[Narrator] On February 18th, 1981,
weeks after assuming the office of Presidency of the United States,
Ronald Reagan stood before congress,
discussing a new set of reforms,
what would later earn the nickname,
While in Spain, a week later,
on February 23rd,
history seemed on the verge of repeating itself,
as another military coup,
like the one undertaken by Miguel Primo de Rivera in 1923
and Francisco Franco in 1936,
had been launched,
seeking to upend the country's latest stab at democracy.
[Narrator] For Lieutenant Colonel Antonio Tejero Molina,
it was his second coup attempt in three years.
His last, codenamed Operation Galaxia,
was hatched in 1978,
with the aim of halting the transition to democracy
by kidnapping Prime Minister Adolfo Suárez.
Operation Galaxia had only gotten as far as the planning phase
when it was discovered,
earning Tejero a seven-month prison sentence.
His coup, in 1981, however, dubbed 23F,
since it took place on February 23rd,
was something else.
This time he'd caused a national crisis.
I remember my mom telling me about it when I was a bit older.
How everyone was really nervous
that there was going to be another dictatorship
led by another military general.
[Narrator] Spain's army, at the time,
contained 11 regional divisions,
and only three were fully committed to preserving the new democracy.
Many high-ranking members of the military still
took a dim view of the transition to democracy,
and remained resentful of the legalization of communist parties.
As a result, most divisions chose to sit on the fence,
waiting to see how the events in Madrid and Valencia played out.
[Narrator] In the end,
nearly 30 military officers
were convicted for their roles in the coup.
Tejero received the stiffest sentence.
30 years, of which he served 15.
[Narrator] In Barcelona, the conservative Catalan party,
Convergence and Union, or CIU,
had the run of the newly-restored regional government,
the Generalitat of Catalunya.
They'd won the first regional elections since 1932
by the slimmest of margins,
beating out the local chapter of the socialist PSOE,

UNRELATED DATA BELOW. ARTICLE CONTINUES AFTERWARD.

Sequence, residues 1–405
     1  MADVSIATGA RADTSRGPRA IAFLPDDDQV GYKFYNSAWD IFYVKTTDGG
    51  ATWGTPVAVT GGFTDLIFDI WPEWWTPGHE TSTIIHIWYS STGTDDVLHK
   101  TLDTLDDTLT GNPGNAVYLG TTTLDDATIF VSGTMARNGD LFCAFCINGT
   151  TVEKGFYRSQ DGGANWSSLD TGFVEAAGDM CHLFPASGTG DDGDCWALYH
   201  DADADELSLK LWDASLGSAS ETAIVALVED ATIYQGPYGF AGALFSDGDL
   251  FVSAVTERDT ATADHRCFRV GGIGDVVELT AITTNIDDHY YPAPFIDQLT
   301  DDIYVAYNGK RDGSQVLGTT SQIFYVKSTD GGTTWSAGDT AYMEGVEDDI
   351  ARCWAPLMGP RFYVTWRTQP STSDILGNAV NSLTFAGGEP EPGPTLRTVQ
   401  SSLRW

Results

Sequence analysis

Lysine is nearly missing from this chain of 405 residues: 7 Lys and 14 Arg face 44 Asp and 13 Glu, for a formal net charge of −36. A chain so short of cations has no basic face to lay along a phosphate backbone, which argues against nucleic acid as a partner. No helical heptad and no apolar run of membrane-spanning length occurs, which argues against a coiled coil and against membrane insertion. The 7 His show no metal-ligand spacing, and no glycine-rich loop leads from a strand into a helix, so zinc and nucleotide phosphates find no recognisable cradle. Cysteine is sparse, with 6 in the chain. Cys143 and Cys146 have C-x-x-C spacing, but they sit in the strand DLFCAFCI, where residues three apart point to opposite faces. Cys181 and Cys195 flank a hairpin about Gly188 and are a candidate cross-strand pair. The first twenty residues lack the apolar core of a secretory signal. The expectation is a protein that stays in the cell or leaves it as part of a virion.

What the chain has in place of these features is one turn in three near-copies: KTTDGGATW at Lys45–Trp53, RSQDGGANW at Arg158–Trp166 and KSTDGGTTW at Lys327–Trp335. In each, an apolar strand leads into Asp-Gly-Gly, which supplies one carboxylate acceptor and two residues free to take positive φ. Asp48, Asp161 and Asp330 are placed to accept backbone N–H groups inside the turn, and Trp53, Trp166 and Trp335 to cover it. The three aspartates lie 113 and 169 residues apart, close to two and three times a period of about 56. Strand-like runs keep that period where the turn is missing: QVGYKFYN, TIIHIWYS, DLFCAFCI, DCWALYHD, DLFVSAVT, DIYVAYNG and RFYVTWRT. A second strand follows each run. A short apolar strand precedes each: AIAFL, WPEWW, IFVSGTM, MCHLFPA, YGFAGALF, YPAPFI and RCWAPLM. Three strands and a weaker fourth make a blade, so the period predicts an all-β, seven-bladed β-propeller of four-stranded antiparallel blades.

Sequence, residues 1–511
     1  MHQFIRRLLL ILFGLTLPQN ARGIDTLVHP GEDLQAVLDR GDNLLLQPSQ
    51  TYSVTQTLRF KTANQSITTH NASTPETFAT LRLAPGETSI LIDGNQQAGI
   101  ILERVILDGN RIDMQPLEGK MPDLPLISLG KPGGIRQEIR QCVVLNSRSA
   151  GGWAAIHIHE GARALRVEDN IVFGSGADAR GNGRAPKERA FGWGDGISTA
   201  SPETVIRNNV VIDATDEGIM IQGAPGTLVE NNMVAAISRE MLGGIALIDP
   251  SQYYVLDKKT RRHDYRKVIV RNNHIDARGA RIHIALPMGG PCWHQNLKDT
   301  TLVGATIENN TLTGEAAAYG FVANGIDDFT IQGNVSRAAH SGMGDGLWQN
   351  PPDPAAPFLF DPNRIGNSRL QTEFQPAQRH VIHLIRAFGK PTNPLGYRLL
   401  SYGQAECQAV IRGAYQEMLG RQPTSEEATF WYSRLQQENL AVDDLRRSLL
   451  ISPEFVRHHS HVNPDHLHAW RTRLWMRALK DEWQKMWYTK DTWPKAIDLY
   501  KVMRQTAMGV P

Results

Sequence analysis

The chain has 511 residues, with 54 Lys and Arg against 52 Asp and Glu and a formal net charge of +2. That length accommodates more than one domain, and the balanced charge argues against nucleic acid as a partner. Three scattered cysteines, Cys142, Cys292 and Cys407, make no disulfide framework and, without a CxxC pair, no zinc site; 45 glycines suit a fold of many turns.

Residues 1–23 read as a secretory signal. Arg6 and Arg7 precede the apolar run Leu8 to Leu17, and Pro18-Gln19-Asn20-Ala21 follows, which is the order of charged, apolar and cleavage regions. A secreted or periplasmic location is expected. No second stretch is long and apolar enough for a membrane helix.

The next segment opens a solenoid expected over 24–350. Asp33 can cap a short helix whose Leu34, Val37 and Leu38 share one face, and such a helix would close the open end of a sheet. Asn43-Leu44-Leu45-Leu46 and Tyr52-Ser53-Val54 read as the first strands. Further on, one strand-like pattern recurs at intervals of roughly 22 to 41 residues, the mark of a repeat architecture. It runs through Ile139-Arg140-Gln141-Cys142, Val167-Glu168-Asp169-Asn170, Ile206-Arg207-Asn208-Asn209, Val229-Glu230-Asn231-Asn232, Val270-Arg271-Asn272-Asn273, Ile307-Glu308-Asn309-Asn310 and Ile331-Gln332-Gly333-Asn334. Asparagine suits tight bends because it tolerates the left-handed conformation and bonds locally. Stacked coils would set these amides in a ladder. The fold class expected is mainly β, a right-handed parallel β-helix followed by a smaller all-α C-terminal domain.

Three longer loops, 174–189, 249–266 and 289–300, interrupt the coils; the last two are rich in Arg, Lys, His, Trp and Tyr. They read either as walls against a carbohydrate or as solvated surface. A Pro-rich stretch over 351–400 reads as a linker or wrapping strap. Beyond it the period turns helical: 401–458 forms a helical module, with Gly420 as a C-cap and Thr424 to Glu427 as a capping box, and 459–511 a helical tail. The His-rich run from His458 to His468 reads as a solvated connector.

and the communist PSUC.
CIU, from the start, had a Catalan nationalist identity.
It came into being through the merger of two local parties,
the Democratic Union of Catalunya, which had gotten its start in 1931,
and the Democratic Convergence of Catalunya,
which had been founded in 1974 by Jordi Pujol i Soley.
Pujol had been a local hero for decades,
recognized for his role in the Franco resistance.
With CIU's electoral victory in 1980,
he'd been made President of the government of Catalunya.
Pujol would serve in this role for more than 20 years,
winning reelection over five successive terms.
For Catalunya, this new, democratic Spain,
with a local government headed by a Catalan nationalist party,
sparked a rediscovery of Catalan culture
and ritual celebration.
It had been a long time in coming.
[Narrator] For all the attention paid to democratization
and culture in the 1980s,
the greatest focus, and, arguably,
biggest challenge, was restoring the native language.
The regional parliament, in 1983,
passed the Law of Linguistic Normalization,
in the interest of making Catalan legal, and prominent,
in education and all public spheres.
This presented a very basic problem, however.
Since the language had been illegal for so long,
spoken only in homes,
there was no pre-existing curriculum to draw from,
nor even professionals with experience teaching it.
[Narrator] Pasqual Maragall i Mara,
the grandson of lauded Catalan poet, Joan Maragall,
was named mayor of Barcelona in 1982,
a position he would hold for 15 years.
His predecessor, Narcís Serra i Serra, in 1980
had proposed hosting the 1992 Olympics,